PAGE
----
In 2002, sixteen horses in a cruelty case were seized by Sacramento County Animal Control and placed in the care of Beth DeCaprio, a well-known small animal rescuer in the area. The horses began their journey housed on a small plot of undeveloped, residential land behind DeCaprio’s house. Once she agreed to care for this unnatural herd, however, DeCaprio found her calling and the journey of what is now known as The Grace Foundation of Northern California began.
Legal ownership of the sixteen horses was awarded to DeCaprio in 2003. During that time, DeCaprio established and incorporated The Grace Foundation of Northern California. By 2004, the organization filed and received its 501(c)(3) non-profit status.
Realizing that children were subject to cases of neglect and abuse just like her 16 horses were, DeCaprio decided to establish programs for children, individuals, and at-risk youth by putting some of these rescued animals to work as therapy horses. The equine facilitated programs, which are in effect to this day, include activities with the horses in which children and youth learn about and apply important skills including leadership, problem solving, creative thinking, responsibility, teamwork, assertiveness, communication, and relationship building. Activities provide the children and youth the opportunity to assist with the rehabilitation of an animal and provide that animal with a higher quality of life. Taking part in the animal’s recovery, allows children and youth to build self-esteem and self-confidence, learn how to work with peers, gain a sense of feeling needed and valued, and the joy of what it feels like to make a difference in this animal’s life.
In 2005, The Grace Foundation’s equine assisted learning programs were approved through the Folsom/Cordova and San Juan Unified School Districts and private programs with individual at-risk youth began. 2005 also brought collaborative efforts between The Grace Foundation and the University of California – Davis, Center for Animals in Society & Veterinary Medicine Extension from the School of Veterinary Medicine. Throughout this year, over 200 children were involved in The Grace Foundation Educational and Enrichment Programs; and over 50 horses made “Grace” their home.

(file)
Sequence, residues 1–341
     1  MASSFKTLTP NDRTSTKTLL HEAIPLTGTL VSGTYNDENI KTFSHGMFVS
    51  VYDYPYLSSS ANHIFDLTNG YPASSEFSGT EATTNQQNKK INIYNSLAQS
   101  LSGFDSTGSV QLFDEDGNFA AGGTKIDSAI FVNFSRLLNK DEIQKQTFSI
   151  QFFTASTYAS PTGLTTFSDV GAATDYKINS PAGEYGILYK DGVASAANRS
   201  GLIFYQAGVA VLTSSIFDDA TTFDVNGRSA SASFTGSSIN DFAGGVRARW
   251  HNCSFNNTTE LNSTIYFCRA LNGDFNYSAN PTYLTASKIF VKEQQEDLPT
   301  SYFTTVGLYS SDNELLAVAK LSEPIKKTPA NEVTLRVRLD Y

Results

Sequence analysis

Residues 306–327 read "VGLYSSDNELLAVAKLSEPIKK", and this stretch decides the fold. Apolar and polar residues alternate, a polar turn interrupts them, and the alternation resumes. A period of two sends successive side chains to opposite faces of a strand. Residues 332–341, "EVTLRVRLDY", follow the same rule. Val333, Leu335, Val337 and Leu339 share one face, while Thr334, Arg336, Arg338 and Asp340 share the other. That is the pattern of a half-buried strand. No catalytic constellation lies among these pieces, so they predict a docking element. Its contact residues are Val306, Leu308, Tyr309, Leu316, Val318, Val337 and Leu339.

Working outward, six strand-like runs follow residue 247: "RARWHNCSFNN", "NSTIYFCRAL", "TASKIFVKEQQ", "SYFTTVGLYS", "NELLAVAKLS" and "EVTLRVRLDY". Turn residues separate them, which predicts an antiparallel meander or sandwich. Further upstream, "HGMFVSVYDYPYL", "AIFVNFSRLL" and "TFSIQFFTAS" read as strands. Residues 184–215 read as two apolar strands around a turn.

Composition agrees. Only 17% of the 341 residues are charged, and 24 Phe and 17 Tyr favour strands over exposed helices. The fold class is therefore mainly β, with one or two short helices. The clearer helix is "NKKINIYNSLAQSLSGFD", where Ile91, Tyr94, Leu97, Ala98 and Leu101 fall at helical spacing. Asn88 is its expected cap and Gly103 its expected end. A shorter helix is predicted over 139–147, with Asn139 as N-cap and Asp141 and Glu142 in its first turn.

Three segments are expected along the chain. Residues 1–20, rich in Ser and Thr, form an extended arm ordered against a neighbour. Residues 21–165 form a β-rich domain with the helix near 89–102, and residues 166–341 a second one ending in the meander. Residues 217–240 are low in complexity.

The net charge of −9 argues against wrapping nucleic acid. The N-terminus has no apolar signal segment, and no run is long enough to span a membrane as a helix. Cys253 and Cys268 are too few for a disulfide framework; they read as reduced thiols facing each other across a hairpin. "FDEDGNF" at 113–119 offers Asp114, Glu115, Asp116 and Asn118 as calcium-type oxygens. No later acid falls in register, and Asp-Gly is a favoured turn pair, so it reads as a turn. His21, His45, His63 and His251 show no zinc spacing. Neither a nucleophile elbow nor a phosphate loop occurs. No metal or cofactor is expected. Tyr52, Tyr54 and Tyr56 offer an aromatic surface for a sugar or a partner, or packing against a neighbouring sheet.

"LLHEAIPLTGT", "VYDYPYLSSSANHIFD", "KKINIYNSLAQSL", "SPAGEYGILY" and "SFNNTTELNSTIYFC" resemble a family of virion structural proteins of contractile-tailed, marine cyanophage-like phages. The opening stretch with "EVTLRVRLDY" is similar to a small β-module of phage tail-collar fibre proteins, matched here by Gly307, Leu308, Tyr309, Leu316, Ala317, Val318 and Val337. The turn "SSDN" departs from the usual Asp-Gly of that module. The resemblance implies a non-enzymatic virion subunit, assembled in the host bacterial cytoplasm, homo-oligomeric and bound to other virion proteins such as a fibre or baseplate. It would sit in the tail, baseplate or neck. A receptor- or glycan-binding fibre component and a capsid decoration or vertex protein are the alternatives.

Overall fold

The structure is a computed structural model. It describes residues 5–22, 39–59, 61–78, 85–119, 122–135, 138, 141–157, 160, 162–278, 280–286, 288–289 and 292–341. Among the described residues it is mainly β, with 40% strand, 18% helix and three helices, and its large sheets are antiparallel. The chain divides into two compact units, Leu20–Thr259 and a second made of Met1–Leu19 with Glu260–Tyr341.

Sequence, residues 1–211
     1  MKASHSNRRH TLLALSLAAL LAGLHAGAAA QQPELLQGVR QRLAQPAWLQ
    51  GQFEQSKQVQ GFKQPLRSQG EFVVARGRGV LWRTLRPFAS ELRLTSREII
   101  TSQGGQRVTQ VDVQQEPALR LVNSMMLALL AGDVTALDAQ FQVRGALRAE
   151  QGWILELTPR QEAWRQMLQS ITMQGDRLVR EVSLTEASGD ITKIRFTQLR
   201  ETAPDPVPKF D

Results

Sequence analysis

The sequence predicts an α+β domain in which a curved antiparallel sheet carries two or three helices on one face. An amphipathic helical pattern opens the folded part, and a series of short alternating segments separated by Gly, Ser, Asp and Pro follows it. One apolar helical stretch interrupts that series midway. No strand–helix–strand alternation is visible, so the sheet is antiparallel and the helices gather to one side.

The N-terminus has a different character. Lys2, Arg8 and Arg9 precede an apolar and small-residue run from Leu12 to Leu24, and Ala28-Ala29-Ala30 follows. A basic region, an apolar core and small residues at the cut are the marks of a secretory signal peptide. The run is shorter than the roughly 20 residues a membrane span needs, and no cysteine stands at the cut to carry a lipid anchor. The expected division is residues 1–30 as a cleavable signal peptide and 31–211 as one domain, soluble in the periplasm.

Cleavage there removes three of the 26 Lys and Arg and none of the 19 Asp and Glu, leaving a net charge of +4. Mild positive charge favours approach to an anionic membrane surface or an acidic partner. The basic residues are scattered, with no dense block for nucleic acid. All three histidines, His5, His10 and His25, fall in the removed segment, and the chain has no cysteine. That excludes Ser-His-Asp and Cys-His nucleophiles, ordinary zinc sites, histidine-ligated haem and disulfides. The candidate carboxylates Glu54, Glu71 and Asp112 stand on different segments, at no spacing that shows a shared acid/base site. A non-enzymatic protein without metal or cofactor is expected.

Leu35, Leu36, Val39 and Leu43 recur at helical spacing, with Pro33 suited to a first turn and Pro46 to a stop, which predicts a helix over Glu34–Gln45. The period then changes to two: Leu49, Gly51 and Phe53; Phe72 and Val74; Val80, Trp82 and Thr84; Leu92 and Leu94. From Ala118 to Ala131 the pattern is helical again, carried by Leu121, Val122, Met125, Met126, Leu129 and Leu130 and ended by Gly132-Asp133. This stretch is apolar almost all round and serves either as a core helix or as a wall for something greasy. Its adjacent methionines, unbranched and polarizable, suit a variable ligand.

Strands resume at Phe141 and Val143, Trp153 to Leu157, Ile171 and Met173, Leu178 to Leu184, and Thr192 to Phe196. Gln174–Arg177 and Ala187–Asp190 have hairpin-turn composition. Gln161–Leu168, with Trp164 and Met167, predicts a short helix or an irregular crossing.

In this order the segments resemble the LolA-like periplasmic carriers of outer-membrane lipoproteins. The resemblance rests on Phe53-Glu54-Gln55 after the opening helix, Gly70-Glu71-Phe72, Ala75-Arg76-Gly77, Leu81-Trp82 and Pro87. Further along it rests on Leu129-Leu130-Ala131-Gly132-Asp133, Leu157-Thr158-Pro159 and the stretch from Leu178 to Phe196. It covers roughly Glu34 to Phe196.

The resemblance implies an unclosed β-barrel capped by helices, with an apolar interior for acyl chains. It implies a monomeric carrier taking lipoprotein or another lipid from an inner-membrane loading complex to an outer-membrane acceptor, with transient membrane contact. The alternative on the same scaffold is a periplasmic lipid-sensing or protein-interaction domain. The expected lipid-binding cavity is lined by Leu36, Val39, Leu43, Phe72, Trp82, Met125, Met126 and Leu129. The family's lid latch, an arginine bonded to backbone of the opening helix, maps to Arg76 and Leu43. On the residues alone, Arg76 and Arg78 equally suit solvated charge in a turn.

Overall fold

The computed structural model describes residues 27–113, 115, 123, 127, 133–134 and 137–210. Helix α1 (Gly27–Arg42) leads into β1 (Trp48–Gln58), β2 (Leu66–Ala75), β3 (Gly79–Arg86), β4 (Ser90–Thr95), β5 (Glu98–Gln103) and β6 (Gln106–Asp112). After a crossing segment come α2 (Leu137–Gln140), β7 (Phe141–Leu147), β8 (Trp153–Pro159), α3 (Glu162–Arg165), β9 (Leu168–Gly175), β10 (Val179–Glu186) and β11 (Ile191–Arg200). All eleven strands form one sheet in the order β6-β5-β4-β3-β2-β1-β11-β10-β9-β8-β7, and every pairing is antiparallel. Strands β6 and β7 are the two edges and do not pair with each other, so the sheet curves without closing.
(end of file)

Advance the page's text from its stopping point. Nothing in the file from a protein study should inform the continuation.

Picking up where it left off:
In January of 2006, MJM Properties donated use of their land (600 acres) for The Grace Foundation’s new home. During that time, Grace collaborated with the City of Folsom and agreed to house and care for their Mounted Patrol Unit, in exchange for incorporation of the Mounted Police Patrol in Grace’s educational programs. During 2006, the of California-Davis, Center for Animals in Society & Veterinary Medicine Extension from the School of Veterinary Medicine and the Grace Foundation developed educational and therapeutic programs, and conducted research addressing questions for both animals and youth. The Grace herd grew to 84 horses, three goats and a calf by the end of 2006.
By 2008, over 5,000 children had participated in one or more of The Grace Foundation programs since their inception. This was the year that Grace also brought on a full-time, large animal veterinarian, and began collaboration with the Pacific Coast Horseshoeing School to provide farrier care for Grace’s equine residents. New educational programs were added, including a Life/Science field trip approved by the State of California for science curriculum for grades 3 through 8. A new division of Grace called Pony Town was also established and built for the early intervention of childhood autism during 2008.
In 2009, a local non-profit organization which provided therapeutic riding programs for special needs individuals, called Ride and Shine was about to close its doors due to the poor economy and drop in funding and donations. They approached The Grace Foundation for help and, within a few months, Grace absorbed Ride and Shine and incorporated the group’s platform for its own therapeutic riding program, which is now called “Ride and Shine at Grace”.
In February of 2010, the Western States Horse Expo collaborated with the Grace Foundation to host the first annual “HELP Rescue Me Trainer’s Challenge”. The goal of the Challenge is to promote the benefits of adopting rescue horses, produce horses that are ready to go to work for their adopters, and help to showcase the training talents of quality, local trainers throughout Northern California.